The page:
This paper will discuss the importance of collaboration and active participation in reshaping higher education from the perspective of an undergraduate student. As a student, this semester I am involved in a FemTheory DOCC, a Digital Writing course, and an internship with the Digital Humanities Department at Richard Stockton College. These experiences have given me a unique perspective on the use of social media for Academia, specifically higher education.

While many professors and teachers have viewed social media sites as a distraction to students’ education, I believe there is much untapped potential to use these sites for educational purposes. Both Twitter and Facebook are sites that most students are engaged in already. This makes it convenient for a student to get involved beyond the classroom on his/her own time. It’s a place where a student can go beyond “doing the work” and can connect with the material. I have personally experienced the empowerment of participation and collaboration as I've begun to build a network of peer review through Twitter and Facebook. I have begun to share what I am learning online and participate with others who are involved in my areas of study....

If You can’t Beat it, Hack it: Creating (Digital) Sites of Praxis in the Writing Classroom
Marijel Maggie Melo

In Hacking the Academy, Tad Suiter defines the hacker ethos as “learning and improving highly complex systems by playful innovation.” Inspired by the conversations resonating from Hacking the Academy and from the HASTAC 2015 theme for the consideration of the interplay among various disciplines and the disruption of older forms, I will discuss the affordances of engaging web 2.0 interfaces (specifically the popular interface, Instagram) to create digital sites of praxis within the classroom to cultivate contextualized, situated, and playful learning. This lightning talk explores the theme of technology and education with a specific focus on hacking the traditional classroom space (often fraught with time and space constraints) into a space to promote student innovation and collaboration.

I will be sharing my experience assigning a writing project which was heavily reliant on students’ interaction with digital communities inherent to Instagram; the writing project was entitled: “Engaging the Community: Digital (H)Acktivism & Social Media.“ Students were prompted to create awareness campaigns on Instagram to “help mitigate a social issue or community pain point” (Melo, 2014). Students broke into teams and self-selected campaign topics. The campaign topics were diverse, ranging from gender equality (#SheQuality), anti-bullying (#TheHappinessTree), to fitness inspiration through the lens of a GoPro (#FitnessGoingPro). At the beginning of the 25-day long campaign, 42 students formed 13 campaign groups, and came up with the hashtag “#StayHacktive” to cultivate meta-data on the 13 campaigns. Students deemed the overall assignment successful once the campaigns ended. On a macro level, 42 students collectively generated 1,527 followers on Instagram, created 290 posts, and obtained 3,212 likes. On a more intimate level, students interacted with local non-profits, businesses, and even celebrities to spread awareness of their campaigns. ...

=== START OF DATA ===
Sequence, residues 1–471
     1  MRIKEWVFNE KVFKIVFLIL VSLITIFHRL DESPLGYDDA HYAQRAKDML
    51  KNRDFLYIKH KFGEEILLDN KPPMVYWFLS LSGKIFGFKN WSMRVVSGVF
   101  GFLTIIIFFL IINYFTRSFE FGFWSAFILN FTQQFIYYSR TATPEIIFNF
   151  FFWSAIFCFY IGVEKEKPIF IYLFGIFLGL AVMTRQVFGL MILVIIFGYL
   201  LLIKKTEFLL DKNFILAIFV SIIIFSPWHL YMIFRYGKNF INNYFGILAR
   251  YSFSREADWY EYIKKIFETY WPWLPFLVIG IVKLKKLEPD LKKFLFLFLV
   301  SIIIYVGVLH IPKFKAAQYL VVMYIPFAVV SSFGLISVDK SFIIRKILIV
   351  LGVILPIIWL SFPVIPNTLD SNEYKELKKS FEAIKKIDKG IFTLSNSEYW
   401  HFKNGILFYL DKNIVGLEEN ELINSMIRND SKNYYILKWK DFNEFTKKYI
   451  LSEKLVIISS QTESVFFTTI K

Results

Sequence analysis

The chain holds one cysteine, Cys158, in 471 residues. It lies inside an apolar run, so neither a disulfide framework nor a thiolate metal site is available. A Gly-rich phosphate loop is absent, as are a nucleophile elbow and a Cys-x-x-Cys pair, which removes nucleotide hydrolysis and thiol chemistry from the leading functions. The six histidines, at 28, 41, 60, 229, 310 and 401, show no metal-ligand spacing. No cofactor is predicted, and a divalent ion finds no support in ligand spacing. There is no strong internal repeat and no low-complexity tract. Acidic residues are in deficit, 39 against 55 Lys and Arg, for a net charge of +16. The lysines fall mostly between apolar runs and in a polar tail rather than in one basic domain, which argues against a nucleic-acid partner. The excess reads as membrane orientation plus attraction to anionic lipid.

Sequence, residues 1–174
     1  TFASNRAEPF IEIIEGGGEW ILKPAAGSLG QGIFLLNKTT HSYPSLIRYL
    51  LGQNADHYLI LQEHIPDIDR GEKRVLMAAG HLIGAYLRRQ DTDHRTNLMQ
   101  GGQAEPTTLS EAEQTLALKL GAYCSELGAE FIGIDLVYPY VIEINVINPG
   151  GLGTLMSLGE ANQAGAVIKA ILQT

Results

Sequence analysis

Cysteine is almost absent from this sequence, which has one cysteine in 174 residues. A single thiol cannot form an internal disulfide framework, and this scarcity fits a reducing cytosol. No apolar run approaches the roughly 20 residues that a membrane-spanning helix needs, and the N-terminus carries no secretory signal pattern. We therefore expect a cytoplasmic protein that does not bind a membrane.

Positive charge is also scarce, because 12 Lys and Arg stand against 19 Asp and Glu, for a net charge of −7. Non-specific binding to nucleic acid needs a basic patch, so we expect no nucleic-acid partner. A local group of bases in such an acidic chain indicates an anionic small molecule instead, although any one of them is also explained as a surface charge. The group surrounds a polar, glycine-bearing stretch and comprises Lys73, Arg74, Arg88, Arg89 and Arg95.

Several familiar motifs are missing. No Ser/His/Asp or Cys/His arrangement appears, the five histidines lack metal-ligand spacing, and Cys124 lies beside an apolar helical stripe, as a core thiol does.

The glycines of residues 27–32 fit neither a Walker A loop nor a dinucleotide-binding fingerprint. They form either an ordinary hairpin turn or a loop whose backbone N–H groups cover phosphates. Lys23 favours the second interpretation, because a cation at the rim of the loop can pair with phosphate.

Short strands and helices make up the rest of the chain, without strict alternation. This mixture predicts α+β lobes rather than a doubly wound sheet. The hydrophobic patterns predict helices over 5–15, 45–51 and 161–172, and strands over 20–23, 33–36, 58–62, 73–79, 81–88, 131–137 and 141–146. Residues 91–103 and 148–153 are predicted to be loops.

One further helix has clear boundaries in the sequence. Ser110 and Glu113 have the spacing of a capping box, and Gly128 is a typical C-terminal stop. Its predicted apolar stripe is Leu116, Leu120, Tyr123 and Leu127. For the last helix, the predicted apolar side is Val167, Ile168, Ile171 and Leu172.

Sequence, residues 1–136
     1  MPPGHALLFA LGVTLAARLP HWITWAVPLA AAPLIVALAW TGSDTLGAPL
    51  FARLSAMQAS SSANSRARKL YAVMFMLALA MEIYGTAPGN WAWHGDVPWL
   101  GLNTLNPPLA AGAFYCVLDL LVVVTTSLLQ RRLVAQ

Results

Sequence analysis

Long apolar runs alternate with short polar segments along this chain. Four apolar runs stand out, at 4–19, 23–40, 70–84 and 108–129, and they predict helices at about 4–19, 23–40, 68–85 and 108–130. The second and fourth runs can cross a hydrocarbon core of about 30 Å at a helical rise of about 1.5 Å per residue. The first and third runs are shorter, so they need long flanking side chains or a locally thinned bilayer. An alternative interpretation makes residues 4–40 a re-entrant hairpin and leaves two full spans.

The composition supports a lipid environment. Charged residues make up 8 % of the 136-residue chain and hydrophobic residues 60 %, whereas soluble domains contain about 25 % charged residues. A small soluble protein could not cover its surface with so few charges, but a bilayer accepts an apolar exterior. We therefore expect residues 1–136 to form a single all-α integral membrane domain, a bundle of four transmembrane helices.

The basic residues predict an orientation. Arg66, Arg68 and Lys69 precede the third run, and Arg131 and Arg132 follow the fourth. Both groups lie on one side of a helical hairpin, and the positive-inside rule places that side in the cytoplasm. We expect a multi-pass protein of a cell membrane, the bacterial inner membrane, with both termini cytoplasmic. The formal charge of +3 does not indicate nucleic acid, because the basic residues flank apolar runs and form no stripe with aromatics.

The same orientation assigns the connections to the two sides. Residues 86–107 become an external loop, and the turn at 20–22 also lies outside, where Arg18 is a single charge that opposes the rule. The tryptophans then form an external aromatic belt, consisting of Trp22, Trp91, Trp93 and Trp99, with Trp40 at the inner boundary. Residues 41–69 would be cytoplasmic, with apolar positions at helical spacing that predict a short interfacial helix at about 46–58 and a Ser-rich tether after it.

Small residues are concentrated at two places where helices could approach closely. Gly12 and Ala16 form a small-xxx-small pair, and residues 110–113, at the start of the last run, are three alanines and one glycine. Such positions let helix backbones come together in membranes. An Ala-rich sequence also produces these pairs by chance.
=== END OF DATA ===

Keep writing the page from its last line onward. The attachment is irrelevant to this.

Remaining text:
Writing as Translation: How We Analyzed, Evaluated, Summarized, Synthesized, Articulated, Considered, Critiqued, and Reflected on How Students Interpret Writing Tasks
Laura Gonzales, Rebecca Zantjer, and Howard Fooksman

Design Problem: Students and Instructors Misunderstand Each Other in Writing Prompts
We are developing an interactive system intended to facilitate the communication of writing instruction between writing instructors, writing tutors, and students. 

The miscommunication of writing assignment objectives and writing-related feedback is often presented as a “student problem,” where students in writing courses are put at fault for failing to meet instructor expectations. As writing instructors ourselves, we understand the frustration that arises when an entire class of students misunderstands an assignment and fails to meet instructor expectations and the learning goals for that assignment. We know what it is like to carefully compose writing prompts and project descriptions, only to realize that students did not use these tools the way we intended. We've gathered information from both students and instructors on how the current process works, or fails to work, and are hoping to develop a software application that can help facilitate the distribution, translation, and revision of a writing assignment to optimize both student performance and instructor time management.